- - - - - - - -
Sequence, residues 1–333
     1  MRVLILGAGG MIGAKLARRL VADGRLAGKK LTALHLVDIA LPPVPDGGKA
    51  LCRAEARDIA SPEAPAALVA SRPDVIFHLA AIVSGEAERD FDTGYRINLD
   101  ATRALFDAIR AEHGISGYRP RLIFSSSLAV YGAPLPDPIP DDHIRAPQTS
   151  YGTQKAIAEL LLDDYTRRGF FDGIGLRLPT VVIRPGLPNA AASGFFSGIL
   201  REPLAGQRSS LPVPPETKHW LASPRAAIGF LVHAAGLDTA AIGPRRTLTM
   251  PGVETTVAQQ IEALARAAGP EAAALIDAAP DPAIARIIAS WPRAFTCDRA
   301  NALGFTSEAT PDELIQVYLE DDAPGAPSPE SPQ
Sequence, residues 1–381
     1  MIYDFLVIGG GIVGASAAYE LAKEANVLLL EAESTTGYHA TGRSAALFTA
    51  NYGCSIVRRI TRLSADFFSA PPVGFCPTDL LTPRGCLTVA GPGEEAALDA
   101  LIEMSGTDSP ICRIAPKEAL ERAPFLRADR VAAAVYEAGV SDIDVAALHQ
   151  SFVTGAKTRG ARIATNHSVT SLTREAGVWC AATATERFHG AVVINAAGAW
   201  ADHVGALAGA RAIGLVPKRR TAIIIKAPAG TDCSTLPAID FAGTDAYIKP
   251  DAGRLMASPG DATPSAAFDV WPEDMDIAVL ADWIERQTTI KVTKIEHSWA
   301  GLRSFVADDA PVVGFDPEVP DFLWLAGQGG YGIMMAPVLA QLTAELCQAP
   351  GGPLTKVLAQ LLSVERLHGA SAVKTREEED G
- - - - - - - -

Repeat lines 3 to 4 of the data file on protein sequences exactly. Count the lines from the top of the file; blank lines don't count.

    51  LCRAEARDIA SPEAPAALVA SRPDVIFHLA AIVSGEAERD FDTGYRINLD
   101  ATRALFDAIR AEHGISGYRP RLIFSSSLAV YGAPLPDPIP DDHIRAPQTS